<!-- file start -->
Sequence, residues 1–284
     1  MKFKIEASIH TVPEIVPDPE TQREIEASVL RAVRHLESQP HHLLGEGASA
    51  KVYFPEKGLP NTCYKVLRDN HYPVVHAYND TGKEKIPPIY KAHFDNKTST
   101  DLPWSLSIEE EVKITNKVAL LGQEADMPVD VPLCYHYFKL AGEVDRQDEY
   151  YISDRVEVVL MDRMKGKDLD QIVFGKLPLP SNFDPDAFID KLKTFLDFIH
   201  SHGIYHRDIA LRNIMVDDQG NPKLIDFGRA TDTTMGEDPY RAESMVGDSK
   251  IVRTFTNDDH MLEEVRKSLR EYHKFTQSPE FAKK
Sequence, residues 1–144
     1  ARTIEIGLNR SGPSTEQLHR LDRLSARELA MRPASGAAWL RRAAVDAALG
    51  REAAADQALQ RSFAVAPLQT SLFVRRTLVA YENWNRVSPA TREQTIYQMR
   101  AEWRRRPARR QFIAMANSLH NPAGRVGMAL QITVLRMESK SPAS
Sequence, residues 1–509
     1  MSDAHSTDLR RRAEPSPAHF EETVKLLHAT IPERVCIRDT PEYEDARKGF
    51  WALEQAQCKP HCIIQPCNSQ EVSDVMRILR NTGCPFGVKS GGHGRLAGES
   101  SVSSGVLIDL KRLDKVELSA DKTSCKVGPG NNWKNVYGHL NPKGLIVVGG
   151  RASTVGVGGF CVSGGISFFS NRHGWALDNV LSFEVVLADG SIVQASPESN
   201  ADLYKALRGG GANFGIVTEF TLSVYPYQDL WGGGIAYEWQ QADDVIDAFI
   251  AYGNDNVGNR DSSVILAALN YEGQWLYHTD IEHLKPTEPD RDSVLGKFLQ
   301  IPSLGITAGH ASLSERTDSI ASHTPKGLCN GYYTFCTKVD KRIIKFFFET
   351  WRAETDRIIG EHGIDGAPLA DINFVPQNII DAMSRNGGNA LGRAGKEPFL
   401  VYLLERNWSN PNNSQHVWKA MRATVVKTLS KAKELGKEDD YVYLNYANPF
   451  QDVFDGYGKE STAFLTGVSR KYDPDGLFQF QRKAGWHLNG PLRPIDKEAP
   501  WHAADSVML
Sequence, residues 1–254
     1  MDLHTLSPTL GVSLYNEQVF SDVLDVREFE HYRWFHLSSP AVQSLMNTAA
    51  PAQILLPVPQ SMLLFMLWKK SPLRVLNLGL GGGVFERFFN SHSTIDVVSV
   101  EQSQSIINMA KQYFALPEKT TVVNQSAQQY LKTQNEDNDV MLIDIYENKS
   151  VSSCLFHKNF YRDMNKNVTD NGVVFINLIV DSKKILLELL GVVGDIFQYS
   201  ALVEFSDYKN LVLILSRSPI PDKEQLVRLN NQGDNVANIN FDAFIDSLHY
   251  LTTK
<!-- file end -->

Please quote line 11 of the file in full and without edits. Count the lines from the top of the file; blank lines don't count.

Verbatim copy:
   101  AEWRRRPARR QFIAMANSLH NPAGRVGMAL QITVLRMESK SPAS